I agree with the Jews about the plans. [laughter] When somebody tells me what God is up to, that is my red flag for them. Because every single time that I thought that I knew what God was up to, it was so much bigger and better than whatever I had thought it was.

When they were walking out after the Last Supper, Jesus says, “Hey, I know that we talked about a lot of stuff and seen and done a lot of stuff in the last three years, but if you don’t remember anything else, remember this: Love one another—love one another as I have loved you. By doing this, they will know you are my disciples.”

I think that when we are able to love one another, that is when God smiles. I think God loves what goes on down there at the mission. I’ve been with my daughter to dig wells for little villages in Africa and just had people jumping up and down with smiles that you couldn’t wipe off their faces because they had water. And I think that when you just go to love on somebody like that, it is what makes God smile.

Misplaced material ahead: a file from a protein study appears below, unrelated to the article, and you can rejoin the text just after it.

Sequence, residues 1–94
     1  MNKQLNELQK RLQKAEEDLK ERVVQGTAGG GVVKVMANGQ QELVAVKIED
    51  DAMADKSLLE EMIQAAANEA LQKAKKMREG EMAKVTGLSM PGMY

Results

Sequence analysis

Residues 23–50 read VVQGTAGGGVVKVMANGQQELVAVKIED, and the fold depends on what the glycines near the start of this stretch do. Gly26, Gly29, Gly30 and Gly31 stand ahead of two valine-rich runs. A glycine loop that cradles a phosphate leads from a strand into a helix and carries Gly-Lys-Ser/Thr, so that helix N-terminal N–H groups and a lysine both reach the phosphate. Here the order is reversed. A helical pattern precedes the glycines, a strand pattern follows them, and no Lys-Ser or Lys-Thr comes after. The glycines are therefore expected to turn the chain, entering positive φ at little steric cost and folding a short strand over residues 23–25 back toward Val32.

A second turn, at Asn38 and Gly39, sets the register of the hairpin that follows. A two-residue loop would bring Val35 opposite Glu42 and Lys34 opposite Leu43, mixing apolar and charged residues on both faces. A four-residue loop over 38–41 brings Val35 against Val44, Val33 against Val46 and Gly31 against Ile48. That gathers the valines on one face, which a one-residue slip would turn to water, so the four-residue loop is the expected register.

I think God probably rolls his eyes at a lot of the religious stuff we do, but when we are able to love on one another I think that makes him smile. 

Do you have a favorite Bible verse?

Galatians 1:10: “Am I now seeking the approval of man or of God?” I’ve learned long ago that I can’t make everyone in L.A. or New York happy, but I try to live my life asking that question. 

Reprinted with permission from Good News Magazine (goodnewsmag.org).

 

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The United Methodist Reporter wants to encourage lively conversation about The United Methodist Church and our articles in the belief that Christian conversation (what Wesley would call conferencing) is a means of grace. While we support passionate debate, we cannot allow language that demeans or demonizes others, and we reserve the right to delete any comment we believe to be harmful or inappropriate. We encourage all to remember that we are all broken and in need of Christ's grace, and that we all see through the glass darkly until that time we when reach full perfection in love. May your speech here be tempered with love, and reflection of the fruits of love, joy, peace, patience, kindness, goodness, faithfulness, gentleness, and self-control. After all, "There is no law against things like this." (Galatians 5:22-23)